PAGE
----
When he returned to his car, Mr. Clarke saw three individuals in it who exited the car and then tried to run to a Toyota parked across the street that also had broken windows. Mr. Clarke picked up a pipe and chased the three individuals into the Dunkin' Donuts, locked the door and called the police. When the police arrived, Mr. Clarke told them that there had been four men and that one of them had taken his wallet with a knife. Mr. Clarke described the person who stole his wallet to the police as wearing dark jeans and a dark jacket with a hood. Mr. Clarke did not make any other statement that morning because the officers were "looking to go home." Trial Transcript ("Tr.") 121.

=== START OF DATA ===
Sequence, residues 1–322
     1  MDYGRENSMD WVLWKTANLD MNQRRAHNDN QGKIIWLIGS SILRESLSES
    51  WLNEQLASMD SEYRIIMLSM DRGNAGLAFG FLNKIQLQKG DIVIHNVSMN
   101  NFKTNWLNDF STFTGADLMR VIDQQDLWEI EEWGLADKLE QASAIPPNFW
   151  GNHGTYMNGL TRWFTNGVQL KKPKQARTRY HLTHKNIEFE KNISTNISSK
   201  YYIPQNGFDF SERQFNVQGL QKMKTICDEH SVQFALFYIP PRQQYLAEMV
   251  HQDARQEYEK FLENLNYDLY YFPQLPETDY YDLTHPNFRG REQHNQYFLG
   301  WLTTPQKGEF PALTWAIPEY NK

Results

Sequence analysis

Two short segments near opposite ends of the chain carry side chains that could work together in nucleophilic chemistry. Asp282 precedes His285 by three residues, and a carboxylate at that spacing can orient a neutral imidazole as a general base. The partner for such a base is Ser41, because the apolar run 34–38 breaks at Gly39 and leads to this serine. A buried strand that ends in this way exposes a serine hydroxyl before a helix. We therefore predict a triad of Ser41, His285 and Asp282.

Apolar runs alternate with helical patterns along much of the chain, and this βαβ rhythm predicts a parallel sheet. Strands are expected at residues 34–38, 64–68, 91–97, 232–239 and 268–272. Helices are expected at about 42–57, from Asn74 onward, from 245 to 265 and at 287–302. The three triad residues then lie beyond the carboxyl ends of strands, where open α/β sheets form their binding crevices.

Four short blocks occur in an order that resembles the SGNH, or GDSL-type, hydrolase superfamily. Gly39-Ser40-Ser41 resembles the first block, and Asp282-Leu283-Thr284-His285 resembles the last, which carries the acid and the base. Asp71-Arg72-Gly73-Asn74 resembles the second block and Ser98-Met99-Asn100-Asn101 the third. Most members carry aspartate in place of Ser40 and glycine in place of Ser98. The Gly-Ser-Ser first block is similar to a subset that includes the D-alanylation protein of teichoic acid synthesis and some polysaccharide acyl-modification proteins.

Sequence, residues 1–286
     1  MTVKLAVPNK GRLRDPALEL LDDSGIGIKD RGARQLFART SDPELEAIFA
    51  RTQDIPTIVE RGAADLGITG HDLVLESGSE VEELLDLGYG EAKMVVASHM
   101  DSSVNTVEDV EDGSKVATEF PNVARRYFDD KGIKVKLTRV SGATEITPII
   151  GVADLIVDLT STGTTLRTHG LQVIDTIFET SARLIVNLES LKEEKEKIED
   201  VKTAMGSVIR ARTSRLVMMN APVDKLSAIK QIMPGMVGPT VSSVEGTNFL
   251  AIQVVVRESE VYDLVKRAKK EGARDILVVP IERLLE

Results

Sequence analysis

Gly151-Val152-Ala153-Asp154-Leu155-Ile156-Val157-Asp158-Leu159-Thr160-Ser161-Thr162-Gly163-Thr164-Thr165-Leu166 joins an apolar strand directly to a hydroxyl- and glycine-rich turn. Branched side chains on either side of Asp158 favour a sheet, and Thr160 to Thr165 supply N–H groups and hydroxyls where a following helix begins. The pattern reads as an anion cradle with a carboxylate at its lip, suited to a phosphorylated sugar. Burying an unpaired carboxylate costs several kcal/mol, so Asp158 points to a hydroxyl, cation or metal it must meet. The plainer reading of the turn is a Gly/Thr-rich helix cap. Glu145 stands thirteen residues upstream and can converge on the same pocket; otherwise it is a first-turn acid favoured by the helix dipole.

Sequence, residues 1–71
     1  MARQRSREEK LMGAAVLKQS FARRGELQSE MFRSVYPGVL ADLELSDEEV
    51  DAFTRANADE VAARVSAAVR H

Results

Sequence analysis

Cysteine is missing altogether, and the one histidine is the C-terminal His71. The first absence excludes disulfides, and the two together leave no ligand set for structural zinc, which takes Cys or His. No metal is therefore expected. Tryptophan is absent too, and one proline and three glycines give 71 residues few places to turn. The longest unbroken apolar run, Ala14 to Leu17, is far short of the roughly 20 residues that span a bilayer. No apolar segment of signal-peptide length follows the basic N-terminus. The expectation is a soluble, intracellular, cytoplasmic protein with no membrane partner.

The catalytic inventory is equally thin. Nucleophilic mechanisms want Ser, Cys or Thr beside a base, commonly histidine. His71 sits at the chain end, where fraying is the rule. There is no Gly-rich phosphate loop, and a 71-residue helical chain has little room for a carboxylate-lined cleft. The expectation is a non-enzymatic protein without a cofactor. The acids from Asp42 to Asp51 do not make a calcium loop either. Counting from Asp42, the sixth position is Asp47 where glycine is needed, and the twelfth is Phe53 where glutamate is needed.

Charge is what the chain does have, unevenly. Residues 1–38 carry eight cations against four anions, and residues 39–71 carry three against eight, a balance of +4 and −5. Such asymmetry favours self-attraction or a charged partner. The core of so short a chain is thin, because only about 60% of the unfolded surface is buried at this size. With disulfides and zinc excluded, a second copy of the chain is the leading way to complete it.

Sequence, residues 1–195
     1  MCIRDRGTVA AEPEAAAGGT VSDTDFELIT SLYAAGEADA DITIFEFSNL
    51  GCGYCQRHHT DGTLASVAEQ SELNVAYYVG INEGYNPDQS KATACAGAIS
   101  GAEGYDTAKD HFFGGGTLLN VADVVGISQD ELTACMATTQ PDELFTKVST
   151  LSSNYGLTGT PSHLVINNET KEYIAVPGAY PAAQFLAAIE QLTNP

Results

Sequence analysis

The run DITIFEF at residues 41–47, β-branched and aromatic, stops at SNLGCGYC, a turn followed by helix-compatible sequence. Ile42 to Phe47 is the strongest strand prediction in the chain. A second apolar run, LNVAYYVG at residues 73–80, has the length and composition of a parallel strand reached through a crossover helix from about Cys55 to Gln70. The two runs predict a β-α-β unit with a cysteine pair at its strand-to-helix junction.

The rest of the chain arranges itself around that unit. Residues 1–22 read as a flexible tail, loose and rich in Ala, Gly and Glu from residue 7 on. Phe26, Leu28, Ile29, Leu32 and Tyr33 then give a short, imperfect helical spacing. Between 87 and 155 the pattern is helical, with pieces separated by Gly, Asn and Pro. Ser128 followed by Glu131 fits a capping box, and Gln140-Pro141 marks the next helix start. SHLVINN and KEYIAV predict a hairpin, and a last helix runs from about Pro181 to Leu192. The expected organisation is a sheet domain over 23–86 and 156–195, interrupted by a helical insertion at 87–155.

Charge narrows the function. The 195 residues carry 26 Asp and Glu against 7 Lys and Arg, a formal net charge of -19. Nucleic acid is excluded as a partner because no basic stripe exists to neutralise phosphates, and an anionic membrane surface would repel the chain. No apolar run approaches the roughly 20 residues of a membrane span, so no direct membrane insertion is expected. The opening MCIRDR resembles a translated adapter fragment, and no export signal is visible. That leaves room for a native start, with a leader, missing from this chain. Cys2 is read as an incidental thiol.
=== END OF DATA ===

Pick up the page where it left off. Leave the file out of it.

Mr. Clarke picked petitioner out of a line-up and also identified him in court as the person who stole his wallet at knife-point. He had never seen petitioner before that night, and he never received any of the stolen property back. Assistant District Attorney ("ADA") Sligh's closing questions on direct examination were as follows:
ADA Sligh: Have you ever been arrested?
Mr. Clarke: No.
ADA Sligh: Ever been convicted of crime?
Mr. Clarke: No.
Tr. 126-27. Prior to trial, petitioner's counsel had requested, among other things, the arrest and conviction records of any witnesses the State intended to call. The District Attorney's office did not make any response to that request.
  On cross-examination, when Mr. Clarke was asked how often he was down in the area of the alleged crime, ADA Sligh objected. At sidebar the following colloquy occurred: